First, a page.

Marketing plays an important role in the world of watches. While often genuine, there is sometimes a bit of an overkill, making it that some models are presented with much more pedigree than they actually have. As to many watch enthusiasts historic credibility plays an important factor in their purchase decisions is it not so strange that this happens. In ‘Pure Pedigree’ we zoom in to the true history of some of the worlds most iconic watches, starting with Blancpain’s Fifty Fathoms.
The Blancpain Fifty Fathoms is one of the pioneers in the field of genuine diving watches. While there were water resistant watches before, they could not withstand great depths, and their functionality was still focused for use on land and not in the water. This was also the issue that in the early 1950’s the “Nageuers de combat,” the French version NAVY Seals had to cope with. One of their officers, Captain Bob Maloubier, penned down what he considered the ideal watch to dive with and set out to find somebody who could make it.
After being turned down by several brands, Maloubier got in contact with Jean-Jacques Fiechter, then CEO of Blancpain. Fiechter happened to be an avid amateur diver who was already working on a diving watch of his own. He and Maloubier joined forces and Blancpain started development on what would become the Fifty Fathoms which was launched it in 1953. Its name was a direct reference to its water resistance. A fathom is a British measurement of depth, and fifty of them refers to about 91 meters or close to 300 feet. In the early 1950s this was also the limit to which divers could dive as the technology to go deeper wasn’t there yet.
One of the most innovative parts of the Fifty Fathoms was the diving bezel, which allowed divers to see how much time they have already spend underwater. Bold hour markers, as well as hands, with plenty of luminous material, also aided in making it easy for divers to check the time down below. Blancpain also opted for an automatic movement for the Fifty Fathoms. This meant that the screw down crown didn’t have to be opened regularly to wind the watch, which would might compromise its water resistance over time. The crown was also equipped with a patented double O-ring seal, which was another novelty.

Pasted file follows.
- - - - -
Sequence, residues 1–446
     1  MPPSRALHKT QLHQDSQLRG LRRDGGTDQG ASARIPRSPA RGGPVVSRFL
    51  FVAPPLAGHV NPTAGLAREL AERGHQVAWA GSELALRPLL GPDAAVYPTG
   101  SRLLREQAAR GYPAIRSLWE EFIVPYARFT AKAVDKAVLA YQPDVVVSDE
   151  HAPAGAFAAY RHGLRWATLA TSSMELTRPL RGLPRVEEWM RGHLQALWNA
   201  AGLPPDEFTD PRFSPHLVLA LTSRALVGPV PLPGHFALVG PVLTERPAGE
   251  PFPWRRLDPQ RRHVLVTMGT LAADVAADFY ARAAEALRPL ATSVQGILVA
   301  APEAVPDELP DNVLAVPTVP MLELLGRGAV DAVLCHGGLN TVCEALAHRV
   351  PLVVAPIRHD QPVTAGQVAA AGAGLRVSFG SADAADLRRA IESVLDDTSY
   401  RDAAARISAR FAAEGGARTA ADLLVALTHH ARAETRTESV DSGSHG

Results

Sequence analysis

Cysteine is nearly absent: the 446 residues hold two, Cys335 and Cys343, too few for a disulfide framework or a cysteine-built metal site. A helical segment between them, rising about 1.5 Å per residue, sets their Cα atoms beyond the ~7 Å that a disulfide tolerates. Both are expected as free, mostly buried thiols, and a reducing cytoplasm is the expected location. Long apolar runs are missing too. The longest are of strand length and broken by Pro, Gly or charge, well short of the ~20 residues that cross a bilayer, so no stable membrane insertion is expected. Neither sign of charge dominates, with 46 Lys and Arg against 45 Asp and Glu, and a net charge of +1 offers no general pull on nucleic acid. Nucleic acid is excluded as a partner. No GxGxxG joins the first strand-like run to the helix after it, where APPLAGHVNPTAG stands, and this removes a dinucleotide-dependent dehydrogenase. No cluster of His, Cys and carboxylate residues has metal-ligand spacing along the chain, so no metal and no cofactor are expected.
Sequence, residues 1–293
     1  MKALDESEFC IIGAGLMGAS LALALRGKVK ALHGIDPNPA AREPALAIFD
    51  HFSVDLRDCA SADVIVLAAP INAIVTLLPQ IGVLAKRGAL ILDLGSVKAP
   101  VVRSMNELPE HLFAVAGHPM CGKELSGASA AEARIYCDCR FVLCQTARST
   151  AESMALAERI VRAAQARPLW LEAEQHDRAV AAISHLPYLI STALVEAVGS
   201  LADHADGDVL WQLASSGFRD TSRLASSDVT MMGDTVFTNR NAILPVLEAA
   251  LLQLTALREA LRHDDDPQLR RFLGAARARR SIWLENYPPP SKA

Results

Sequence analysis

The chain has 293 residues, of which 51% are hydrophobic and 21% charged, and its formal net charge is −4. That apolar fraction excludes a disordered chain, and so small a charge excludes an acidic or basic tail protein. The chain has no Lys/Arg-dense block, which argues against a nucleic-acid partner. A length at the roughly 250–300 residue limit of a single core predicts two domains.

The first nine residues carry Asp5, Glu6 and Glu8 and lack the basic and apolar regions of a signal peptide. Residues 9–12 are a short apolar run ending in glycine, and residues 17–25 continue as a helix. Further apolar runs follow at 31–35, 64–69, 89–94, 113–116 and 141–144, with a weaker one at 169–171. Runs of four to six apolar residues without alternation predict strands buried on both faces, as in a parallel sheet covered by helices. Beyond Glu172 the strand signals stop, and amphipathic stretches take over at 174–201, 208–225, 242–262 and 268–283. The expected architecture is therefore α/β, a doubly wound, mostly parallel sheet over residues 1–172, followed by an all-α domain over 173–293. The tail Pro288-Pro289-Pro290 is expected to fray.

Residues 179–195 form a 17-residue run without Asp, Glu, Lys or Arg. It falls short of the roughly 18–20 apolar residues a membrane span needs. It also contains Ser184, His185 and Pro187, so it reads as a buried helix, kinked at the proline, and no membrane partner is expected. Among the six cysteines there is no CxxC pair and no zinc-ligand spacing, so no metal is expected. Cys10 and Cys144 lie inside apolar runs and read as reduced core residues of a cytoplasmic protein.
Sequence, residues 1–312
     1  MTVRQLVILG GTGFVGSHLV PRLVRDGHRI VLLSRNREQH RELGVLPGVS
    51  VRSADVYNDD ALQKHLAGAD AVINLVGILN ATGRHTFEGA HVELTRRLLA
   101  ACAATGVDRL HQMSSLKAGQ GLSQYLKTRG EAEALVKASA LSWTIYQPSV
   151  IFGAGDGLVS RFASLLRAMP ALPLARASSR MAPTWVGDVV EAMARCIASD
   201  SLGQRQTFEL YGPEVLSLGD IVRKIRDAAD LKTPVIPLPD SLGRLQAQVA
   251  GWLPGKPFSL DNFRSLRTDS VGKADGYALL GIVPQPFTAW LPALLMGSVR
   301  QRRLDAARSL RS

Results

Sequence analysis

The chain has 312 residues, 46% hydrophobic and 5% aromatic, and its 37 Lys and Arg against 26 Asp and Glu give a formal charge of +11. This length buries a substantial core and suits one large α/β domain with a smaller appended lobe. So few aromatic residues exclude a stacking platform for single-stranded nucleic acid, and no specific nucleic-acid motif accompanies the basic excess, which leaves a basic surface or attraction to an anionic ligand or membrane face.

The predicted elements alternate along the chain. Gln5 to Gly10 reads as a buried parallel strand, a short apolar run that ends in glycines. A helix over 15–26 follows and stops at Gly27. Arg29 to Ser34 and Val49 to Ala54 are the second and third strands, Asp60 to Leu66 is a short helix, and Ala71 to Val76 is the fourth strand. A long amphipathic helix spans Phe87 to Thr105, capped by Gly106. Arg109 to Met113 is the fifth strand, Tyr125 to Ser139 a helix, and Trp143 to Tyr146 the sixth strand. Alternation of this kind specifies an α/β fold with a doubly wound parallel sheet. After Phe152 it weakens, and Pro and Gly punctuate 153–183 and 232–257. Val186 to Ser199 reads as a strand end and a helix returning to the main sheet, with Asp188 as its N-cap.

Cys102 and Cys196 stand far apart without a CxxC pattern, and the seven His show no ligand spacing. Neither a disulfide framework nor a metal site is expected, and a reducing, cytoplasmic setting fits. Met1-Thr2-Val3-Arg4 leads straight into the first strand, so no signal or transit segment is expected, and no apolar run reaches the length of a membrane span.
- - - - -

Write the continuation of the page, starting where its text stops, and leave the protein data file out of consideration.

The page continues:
While the Fifty Fathoms became standard issue for the divers of the French Navy, the watch also found its way on the wrist of diving pioneer Jacques Cousteau. In fact, he wore it when filming “The Silent World,” his underwater documentary which won the Palme d’Or at the 1956 Cannes Film Festival. In the meantime was the Fifty Fathoms also adopted as standard issue watch by specialized military units from many different countries besides France, including those of Germany, Israel, Sweden, Denmark and even the United States.
For many years the Fifty Fathoms was unknown to the general public, more so because the vast majority of its clients were indeed the armed forces around the world. This changed in 1997, when the Fifty Fathoms was re-introduced, now aimed at the public market. The model got even more of an impulse in 2002 when Marc A. Hayek becomes the president and CEO of Blancpain. Just as Fiechter many years before him, is he also an avid diver, and under his guidance does the pioneering legacy of the Fifty Fathoms continues today.